Expected macroeconomic and industry conditions

The global economy continues to face the challenges of low growth and high inflation in 2024, with a slight slowdown expected.

The International Monetary Fund (IMF) expects global gross domestic product to grow by 3.1% in 2024. This matches the previous year’s comparably weak figure. Although the IMF expressed greater optimism for 2024 at the beginning of the year than in autumn 2023, the developed economies are expected to experience a slight loss of momentum of 0.1 percentage points over the prior year. GDP is projected to increase by 0.9% in the Eurozone. With an increase of 0.5% (previous year: –0.3%), the German economy is likely to underperform again. In the emerging markets and developing countries, the pace of growth is expected to reach 4.1%, i.e. in line with the previous two years. India (6.5%), China (4.6%) and ASEAN (4.7%) should grow at a slightly slower rate than in 2023 but, as in the previous year, exhibit the greatest growth rates.

Downside risks for the forecast lie in geopolitical tensions, in particular the escalation of the Middle East conflict and the ongoing war in Ukraine, an unabated rise in core inflation as well as a slowdown in growth in China. On the other hand, China could also see a faster economic recovery with positive cross-border growth impulses. A stronger recovery is also expected if inflation subsides more quickly than expected and central banks ease interest rates more swiftly.

The VDMA economists expect a challenging year for mechanical engineering in Germany in 2024, with real production falling by 4%. However, this forecast is subject to a high degree of uncertainty as further economic trends hinge on many factors that are currently difficult to estimate. The global economy is still in a slump, and mechanical engineering is a late cyclist as a supplier of capital goods. There are preliminary signals that orders will bottom out soon. Thus, the ifo business climate barometer for mechanical engineering has recently stabilised, with the rate of decline in new orders slowing somewhat at the end of 2023. However, this initial evidence of base formation in foreign demand cannot yet be interpreted as a reversal of the trend. The burdens and challenges are essentially the same as at the beginning of 2023. Meanwhile, the war in the Middle East has added a further source of uncertainty.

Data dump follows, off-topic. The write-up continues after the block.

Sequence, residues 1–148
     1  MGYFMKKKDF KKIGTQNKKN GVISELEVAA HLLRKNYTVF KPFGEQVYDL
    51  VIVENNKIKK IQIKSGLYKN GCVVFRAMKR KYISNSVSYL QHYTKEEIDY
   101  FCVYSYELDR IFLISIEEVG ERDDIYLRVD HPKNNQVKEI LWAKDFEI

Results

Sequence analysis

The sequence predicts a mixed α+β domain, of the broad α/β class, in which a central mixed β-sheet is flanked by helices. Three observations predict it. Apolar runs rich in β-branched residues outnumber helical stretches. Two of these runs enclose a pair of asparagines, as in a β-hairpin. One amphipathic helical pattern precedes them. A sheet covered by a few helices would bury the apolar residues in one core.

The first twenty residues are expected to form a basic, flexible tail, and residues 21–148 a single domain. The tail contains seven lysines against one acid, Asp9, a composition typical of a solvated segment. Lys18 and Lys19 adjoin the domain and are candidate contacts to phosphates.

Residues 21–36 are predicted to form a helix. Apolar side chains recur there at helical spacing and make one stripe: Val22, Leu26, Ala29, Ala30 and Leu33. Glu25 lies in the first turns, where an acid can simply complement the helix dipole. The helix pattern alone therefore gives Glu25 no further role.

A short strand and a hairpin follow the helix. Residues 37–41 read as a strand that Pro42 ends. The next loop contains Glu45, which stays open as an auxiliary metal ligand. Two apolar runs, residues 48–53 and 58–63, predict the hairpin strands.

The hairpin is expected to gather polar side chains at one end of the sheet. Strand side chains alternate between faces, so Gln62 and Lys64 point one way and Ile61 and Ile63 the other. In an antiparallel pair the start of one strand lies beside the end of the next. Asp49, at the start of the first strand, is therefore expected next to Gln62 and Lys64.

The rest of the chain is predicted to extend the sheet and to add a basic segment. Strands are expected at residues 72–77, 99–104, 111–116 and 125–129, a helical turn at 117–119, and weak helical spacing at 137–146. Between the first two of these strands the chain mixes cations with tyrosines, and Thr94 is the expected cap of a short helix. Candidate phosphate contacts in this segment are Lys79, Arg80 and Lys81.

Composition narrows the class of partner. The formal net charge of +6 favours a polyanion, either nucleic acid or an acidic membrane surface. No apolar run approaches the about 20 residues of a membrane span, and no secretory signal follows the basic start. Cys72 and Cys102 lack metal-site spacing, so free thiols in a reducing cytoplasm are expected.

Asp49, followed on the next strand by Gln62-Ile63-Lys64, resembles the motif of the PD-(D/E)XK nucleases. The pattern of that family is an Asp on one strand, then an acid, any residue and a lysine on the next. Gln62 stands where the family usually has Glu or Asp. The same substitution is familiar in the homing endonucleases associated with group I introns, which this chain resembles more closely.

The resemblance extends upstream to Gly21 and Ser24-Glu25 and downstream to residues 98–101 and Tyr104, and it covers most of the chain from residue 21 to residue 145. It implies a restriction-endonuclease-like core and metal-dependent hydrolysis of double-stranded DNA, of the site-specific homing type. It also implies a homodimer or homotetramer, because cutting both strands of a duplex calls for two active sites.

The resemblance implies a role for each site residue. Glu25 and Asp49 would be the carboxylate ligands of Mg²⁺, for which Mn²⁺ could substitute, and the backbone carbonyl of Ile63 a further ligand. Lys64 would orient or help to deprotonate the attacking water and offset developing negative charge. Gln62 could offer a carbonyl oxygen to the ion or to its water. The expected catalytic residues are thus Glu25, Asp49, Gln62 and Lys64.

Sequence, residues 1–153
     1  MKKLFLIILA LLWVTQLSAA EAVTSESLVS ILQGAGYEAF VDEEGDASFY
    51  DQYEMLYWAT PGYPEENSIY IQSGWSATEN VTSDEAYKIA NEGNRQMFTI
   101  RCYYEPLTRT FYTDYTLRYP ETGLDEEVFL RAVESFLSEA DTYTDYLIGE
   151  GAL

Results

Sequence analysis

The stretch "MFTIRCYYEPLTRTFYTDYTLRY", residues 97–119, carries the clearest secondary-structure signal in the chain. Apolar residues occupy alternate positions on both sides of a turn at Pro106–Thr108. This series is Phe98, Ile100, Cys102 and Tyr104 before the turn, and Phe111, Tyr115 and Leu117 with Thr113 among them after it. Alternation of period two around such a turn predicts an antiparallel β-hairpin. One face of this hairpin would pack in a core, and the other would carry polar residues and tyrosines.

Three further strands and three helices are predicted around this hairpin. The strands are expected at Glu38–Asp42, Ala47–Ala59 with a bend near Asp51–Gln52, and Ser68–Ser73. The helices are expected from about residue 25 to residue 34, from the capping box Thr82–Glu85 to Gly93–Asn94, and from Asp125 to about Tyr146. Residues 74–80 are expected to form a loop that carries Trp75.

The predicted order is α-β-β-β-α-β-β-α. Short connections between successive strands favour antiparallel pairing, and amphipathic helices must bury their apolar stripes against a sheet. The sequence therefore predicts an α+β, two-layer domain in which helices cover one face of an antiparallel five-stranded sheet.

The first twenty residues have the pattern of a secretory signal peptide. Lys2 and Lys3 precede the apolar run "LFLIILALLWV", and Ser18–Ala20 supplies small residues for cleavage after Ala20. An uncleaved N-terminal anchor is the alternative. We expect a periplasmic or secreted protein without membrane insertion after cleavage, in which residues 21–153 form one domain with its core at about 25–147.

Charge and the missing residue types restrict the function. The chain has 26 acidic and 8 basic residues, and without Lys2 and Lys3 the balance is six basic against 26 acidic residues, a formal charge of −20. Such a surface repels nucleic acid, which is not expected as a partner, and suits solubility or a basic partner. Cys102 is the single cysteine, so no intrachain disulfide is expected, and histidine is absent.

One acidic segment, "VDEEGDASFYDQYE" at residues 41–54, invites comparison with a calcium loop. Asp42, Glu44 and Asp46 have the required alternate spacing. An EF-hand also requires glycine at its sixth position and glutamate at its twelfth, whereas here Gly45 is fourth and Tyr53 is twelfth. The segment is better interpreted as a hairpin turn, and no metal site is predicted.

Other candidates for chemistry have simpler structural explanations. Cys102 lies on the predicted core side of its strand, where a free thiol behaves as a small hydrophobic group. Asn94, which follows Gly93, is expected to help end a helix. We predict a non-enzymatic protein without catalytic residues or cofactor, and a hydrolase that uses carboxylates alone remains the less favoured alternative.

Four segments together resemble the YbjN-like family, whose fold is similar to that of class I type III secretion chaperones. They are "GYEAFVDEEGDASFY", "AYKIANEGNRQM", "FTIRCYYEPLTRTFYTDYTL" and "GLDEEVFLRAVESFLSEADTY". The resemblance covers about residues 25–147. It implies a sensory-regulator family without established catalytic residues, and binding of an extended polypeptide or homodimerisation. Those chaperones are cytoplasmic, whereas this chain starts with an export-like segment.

Source: VDMA, “Maschinenbaukonjunktur 2023/Ausblick 2024” of 12 February 2024.


The expected macroeconomic, political and industry-specific conditions in the markets addressed by the Koenig & Bauer Group provide the basis for the forecast for 2024 (1 January 2024 to 31 December 2024) and subsequent years. 

The forecasts made are based on the assumption that there will be no further setbacks or more severe restrictions compared to the current situation as a result of the war in Ukraine and the Middle East conflict, or an unabated rise in core inflation.

Outlook for 2024: operating EBIT margin and revenue stable at the previous year’s level

Koenig & Bauer continues to face a challenging macroeconomic environment in 2024. Even so, the Management Board expects the EBIT margin and revenue to remain stable at the previous year’s level. Accordingly, it projects operating earnings of between €25m and €40m and revenue of around €1.3bn. However, Group EBIT for 2024 will be burdened by up to €10m as a result of spending on drupa, the world’s largest trade fair for the printing and graphics industry, which will be taking place in Düsseldorf from the end of May until the beginning of June, resulting in Group EBIT of between €15m and €30m after this one-off effect.

The Special and Digital & Webfed segments should make a disproportionately large contribution to both EBIT and revenue. By contrast, the Sheetfed segment is expected to account for a disproportionately small proportion of earnings and revenue in the first half of 2024. In the sheetfed sector in particular, a wait-and-see attitude ahead of drupa could lead to purchasing restraint. 

Future dividend policy adopted with a payout ratio of 15–35%

In view of the earnings performance in 2023 and the persistently challenging global economic market environment, the Management Board and the Supervisory Board will be proposing at the Annual General Meeting that the net profit generated by the holding company Koenig & Bauer AG be retained and that a dividend be omitted for the 2023 financial year. However, as Koenig & Bauer attaches great importance to ensuring an appropriate participation of its shareholders in its success, a future dividend policy has been adopted which, subject to profitable business performance during the year, aims to distribute a dividend of 15 – 35% of consolidated earnings, with a minimum dividend of €0.3 per share.

Medium-term targets

Given the persistently muted economic situation, the company projects an EBIT margin of 6 – 7% in 2026 at the latest, accompanied by Group revenue of €1.5bn. Economic volatility and geopolitical uncertainties have no impact on the medium-term targets, as the company’s focus is on the packaging market, which is growing structurally and sustainably and is generally intact and resilient. In the medium term, it is looking for revenue of around €1.8bn and an EBIT margin of 8 –- 9%. A further medium-term objective is to reduce net working capital to a maximum of 25% of annual revenue.